Chess Players in Havana

The Art of Photographing Strangers

Freshly Pressed | Discover, Photo Tips, Photography
Delhi mother and baby

Dehli, India

Street photography is difficult, maybe the most challenging and intimidating genre of photography. Standing on a busy street and trying to get compelling photos of strangers, without being rude or obtrusive or feeling self-conscious, is an art.

Although I am a naturally shy person, I really enjoy street photography. People are fascinating, and when I see fascinating things, I want to photograph it. Over the years, I have gotten better and more comfortable with taking photos of strangers on the street (although I am by no means an expert). I don’t want to shove my camera in the face of a person who is simply going about their day, but it is hard to get captivating street photos without getting close to the subject.

I use a few strategies for taking street photos that use opposing, contradictory methods. Although I think method A in each example below is the best, sometimes it pays off to adjust your style and be flexible. Read on and you will see.

Contradictory Street Photography Tips

1a. Ask People for Their Photo

The simplest way to get a photo is to ask. I’ve asked hundreds of people for their photo and I can count on one hand the number of rejections I’ve received. In the photo below, I saw these guys playing chess on the streets of Havana and I wanted to capture the moment. I started talking to them and after a minute, I asked if I could snap some pictures. “OF COURSE,” they said. Actually they said “!POR SUPUESTO!,” but, you get it.

Chess Players in Havana

Havana, Cuba

Usually, if you ask for a photo, people agree then settle into going about their normal routine. I took the below photo at a funeral ceremony on the island of Sulawesi in Indonesia. Everyone knew I was taking photos, and after a series of posed shots, everyone relaxed and no one paid attention to me. Asking was the key that allowed me to get started.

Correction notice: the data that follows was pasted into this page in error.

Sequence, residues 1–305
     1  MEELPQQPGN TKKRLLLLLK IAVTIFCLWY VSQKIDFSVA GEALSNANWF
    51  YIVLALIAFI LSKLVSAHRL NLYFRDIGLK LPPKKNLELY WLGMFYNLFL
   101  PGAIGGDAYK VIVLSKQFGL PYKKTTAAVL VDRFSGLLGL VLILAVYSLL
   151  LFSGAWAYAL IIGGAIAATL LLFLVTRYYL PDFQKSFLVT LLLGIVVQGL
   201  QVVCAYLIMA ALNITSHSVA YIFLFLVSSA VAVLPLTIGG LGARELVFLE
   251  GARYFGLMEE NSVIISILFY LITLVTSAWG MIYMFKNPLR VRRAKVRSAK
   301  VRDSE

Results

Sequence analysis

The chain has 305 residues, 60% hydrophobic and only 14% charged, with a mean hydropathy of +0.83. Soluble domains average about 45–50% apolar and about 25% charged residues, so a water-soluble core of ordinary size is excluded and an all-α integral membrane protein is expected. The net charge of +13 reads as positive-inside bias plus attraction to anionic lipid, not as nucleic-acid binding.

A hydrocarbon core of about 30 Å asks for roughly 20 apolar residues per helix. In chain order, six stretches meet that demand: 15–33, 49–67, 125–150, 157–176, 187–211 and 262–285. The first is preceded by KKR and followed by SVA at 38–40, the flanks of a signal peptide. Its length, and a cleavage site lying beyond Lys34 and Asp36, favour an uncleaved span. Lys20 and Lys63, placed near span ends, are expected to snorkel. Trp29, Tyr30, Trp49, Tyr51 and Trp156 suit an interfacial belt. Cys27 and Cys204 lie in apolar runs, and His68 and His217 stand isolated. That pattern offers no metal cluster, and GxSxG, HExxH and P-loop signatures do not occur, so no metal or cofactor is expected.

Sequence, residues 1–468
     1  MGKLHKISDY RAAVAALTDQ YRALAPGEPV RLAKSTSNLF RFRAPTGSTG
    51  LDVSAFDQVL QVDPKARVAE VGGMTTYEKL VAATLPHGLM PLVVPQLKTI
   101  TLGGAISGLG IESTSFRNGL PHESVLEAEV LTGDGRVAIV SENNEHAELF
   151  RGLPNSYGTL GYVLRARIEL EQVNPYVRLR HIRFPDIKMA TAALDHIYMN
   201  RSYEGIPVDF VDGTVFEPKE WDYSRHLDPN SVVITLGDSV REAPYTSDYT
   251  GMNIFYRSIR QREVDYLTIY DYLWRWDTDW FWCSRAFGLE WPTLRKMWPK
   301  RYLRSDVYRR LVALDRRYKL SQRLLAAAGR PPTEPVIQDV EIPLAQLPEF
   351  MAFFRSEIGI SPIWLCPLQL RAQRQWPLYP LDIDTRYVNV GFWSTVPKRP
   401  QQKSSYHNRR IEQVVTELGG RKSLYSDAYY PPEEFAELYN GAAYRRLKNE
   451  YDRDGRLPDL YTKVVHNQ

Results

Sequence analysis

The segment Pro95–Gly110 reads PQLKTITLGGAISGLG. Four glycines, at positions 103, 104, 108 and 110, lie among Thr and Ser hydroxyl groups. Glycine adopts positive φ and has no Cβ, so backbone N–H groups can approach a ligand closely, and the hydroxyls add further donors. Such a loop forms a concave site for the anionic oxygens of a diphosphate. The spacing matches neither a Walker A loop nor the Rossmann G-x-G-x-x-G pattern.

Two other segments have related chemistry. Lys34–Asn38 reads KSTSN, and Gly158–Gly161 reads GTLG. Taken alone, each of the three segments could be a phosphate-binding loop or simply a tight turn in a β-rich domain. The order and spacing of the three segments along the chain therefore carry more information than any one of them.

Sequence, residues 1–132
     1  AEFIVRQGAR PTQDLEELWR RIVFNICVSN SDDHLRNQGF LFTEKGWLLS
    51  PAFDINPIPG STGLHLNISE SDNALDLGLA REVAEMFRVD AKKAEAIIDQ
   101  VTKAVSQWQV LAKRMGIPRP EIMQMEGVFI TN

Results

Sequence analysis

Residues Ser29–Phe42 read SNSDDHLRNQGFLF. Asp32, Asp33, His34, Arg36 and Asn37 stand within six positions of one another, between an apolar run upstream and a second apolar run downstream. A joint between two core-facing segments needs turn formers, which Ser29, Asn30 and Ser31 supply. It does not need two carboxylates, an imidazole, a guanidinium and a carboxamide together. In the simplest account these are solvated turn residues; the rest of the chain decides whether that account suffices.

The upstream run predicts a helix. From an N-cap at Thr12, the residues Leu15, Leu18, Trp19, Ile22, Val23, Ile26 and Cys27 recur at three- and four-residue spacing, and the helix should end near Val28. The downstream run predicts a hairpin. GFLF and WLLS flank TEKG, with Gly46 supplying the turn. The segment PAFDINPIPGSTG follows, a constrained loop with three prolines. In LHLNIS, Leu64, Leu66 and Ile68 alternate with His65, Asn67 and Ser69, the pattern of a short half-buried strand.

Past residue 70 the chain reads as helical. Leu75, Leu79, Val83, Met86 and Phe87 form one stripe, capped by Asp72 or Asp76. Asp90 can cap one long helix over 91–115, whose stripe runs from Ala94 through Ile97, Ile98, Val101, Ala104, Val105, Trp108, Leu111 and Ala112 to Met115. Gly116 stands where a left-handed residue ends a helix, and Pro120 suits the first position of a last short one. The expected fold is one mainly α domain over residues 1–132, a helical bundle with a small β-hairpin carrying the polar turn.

Tana Toraja Funeral

Tana Toraja, Indonesia

1b. Don’t Ask

Sometimes asking ruins the moment, like in the photo below. These people didn’t seem to care that a gringo was taking their photo and I captured a candid moment that would have been ruined by asking.

Women playing basketball in Guatemala

Antigua, Guatemala

2a. Get in the Middle of the Action

Have you ever noticed how wedding and sports photographers are usually right in the action? The best way to get great photos is to get right in the middle of it all. In the photo below at the Navratri festival in Jodhpur, the locals saw me taking photos and placed me in this spot. It was a little scary with motorcycles whizzing by, but worth it.

Indian Festival in BW

Jodhpur, India

2b.  Blend In and be Invisible

On busy streets, festivals, or tourist sites where there is a lot of activity, it can be easy to blend in. I will often find a street corner and wait. People sort of forget you are there, and people passing by take no notice of you. By blending in it is easy to get candid photos. In the photo below taken on the Ganges, I was able to get this shot of the two boys by staying in the same spot and waiting.

Boys on the Ganges

Varanasi, India

3a. Engage

Smile. Talk to people. Have welcoming body language. Engaging with locals on the street is a great way to get photos. Smiles are disarming and if you take a candid photo of a person and they catch you in the act, smile at them – 99% of the time they won’t mind. In places like India when people see you smiling and taking photos, often times they will pose for you.

India Children

Pushkar, India

Street portrait India

Pushkar, India street portrait

Purists of street photography will argue that posed photos are no good, but many times posed photos of locals are fun and a great way to meet people. These kids ran up to me in Africa and posed like this spontaneously and it was one of my favorite photos from Malawi.

Likoma Island Kids posing for a photo

Likoma Island, Malawi

3b. Stand back